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Re: Spectre V1 diagnostic / mitigation


On Tue, 18 Dec 2018, Jeff Law wrote:

> On 12/18/18 8:36 AM, Richard Biener wrote:
> > 
> > Hi,
> > 
> > in the past weeks I've been looking into prototyping both spectre V1 
> > (speculative array bound bypass) diagnostics and mitigation in an
> > architecture independent manner to assess feasability and some kind
> > of upper bound on the performance impact one can expect.
> > https://lists.llvm.org/pipermail/llvm-dev/2018-March/122085.html is
> > an interesting read in this context as well.
> > 
> > For simplicity I have implemented mitigation on GIMPLE right before
> > RTL expansion and have chosen TLS to do mitigation across function
> > boundaries.  Diagnostics sit in the same place but both are not in
> > any way dependent on each other.
> > 
> > The mitigation strategy chosen is that of tracking speculation
> > state via a mask that can be used to zero parts of the addresses
> > that leak the actual data.  That's similar to what aarch64 does
> > with -mtrack-speculation (but oddly there's no mitigation there).
> > 
> > I've optimized things to the point that is reasonable when working
> > target independent on GIMPLE but I've only looked at x86 assembly
> > and performance.  I expect any "final" mitigation if we choose to
> > implement and integrate such would be after RTL expansion since
> > RTL expansion can end up introducing quite some control flow whose
> > speculation state is not properly tracked by the prototype.
> > 
> > I'm cut&pasting single-runs of SPEC INT 2006/2017 here, the runs
> > were done with -O2 [-fspectre-v1={2,3}] where =2 is function-local
> > mitigation and =3 does mitigation global with passing the state
> > via TLS memory.
> > 
> > The following was measured on a Haswell desktop CPU:
> [ ... ]
> Interesting.  So we'd been kicking this issue around a bit internally.
> 
> The number of packages where we'd want to turn this on was very small
> and thus it was difficult to justify burning resources in this space.
> LLVM might be an option for those limited packages, but LLVM is missing
> other security things we don't want to lose (such as stack clash
> mitigation).
> 
> In the end we punted for the immediate future.  We'll almost certainly
> revisit at some point and your prototype would obviously factor into the
> calculus around future decisions.
> 
> [ ... ]
> 
> 
> > 
> > 
> > The patch relies heavily on RTL optimizations for DCE purposes.  At the
> > same time we rely on RTL not statically computing the mask (RTL has no
> > conditional constant propagation).  Full instrumentation of the classic
> > Spectre V1 testcase
> Right. But it does do constant propagation into arms of conditionals as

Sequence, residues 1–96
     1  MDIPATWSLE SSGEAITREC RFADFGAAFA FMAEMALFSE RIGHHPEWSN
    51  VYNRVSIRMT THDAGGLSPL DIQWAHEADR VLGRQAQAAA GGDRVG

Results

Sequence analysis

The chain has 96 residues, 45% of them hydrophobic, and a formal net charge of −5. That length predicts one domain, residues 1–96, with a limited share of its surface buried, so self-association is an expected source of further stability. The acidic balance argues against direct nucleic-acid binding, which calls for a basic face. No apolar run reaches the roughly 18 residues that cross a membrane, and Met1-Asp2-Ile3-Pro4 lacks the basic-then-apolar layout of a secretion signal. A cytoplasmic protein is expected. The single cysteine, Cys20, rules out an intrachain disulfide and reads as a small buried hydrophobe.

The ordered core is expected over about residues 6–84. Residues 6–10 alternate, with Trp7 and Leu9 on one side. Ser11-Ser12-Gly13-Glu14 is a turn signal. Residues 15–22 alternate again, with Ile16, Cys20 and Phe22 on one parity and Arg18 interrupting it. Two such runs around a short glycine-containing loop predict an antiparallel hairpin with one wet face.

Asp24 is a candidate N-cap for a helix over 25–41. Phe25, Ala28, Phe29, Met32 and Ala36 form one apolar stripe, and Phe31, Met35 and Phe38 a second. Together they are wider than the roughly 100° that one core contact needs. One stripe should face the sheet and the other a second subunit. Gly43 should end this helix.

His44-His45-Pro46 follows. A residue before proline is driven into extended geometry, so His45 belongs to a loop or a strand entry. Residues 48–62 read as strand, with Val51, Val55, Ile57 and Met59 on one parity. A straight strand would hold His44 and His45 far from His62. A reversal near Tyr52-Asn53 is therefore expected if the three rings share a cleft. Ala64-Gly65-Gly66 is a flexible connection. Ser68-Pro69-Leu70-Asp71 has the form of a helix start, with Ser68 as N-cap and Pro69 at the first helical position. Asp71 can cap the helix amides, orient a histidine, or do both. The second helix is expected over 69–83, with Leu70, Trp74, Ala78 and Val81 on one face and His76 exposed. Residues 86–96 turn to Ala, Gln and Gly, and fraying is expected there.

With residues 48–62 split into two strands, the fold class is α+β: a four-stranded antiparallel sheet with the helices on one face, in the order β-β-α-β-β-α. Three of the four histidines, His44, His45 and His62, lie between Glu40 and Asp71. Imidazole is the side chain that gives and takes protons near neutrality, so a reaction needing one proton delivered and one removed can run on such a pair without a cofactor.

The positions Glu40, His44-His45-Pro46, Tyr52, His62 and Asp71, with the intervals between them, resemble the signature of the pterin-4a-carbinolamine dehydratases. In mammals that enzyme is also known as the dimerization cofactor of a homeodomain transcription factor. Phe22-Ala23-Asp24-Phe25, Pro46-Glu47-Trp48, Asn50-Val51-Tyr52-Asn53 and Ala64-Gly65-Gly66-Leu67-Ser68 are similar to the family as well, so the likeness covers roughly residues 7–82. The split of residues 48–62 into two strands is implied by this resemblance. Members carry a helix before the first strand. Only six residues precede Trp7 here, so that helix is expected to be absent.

> well as jump threading.  I'd fear they might compromise things.

jump threading shouldn't be an issue since that elides the conditional.
I didn't see constant propagation into arms of conditionals happening.
We don't do that on GIMPLE either ;)  I guess I have avoided this
by making the condition data dependent on the mask.  That is, I
transform

  if (a > b)

to

  mask = a > b ? -1 : 0;
  if (mask)
    ...

so one need to replace the condition with the mask computation
conditional.

But yes, for a "final" solution that also gives more control to
targets I thought of allowing (with fallback doing sth like above)
the targets to supply a set-mask-and-jump pattern combining
conditional, mask generation and jump.  I guess those would look
similar to the -fwrapv plusv patterns we have in i386.md.

> Obviously we'd need to look further into those issues.  But even if they
> do, something like what you've done may mitigate enough vulnerable
> sequences that it's worth doing, even if there's some gaps due to "over"
> optimization in the RTL space.

Yeah.  Note I was just lazy and thus didn't elide useless loads/stores
of the TLS var for adjacent calls or avoided instrumenting cases
where there will be no uses of the mask, etc.  With some simple
(even non-LCM) insertion optimization the dependence on dce/dse
can be avoided.

Richard.

> [  ... ]
> 
> > 
> > so the generated GIMPLE was "tuned" for reasonable x86 assembler outcome.
> > 
> > Patch below for reference (and your own testing in case you are curious).
> > I do not plan to pursue this further at this point.
> Understood.  Thanks for posting it.  We're not currently working in this
> space, but again, we may re-evaluate that stance in the future.


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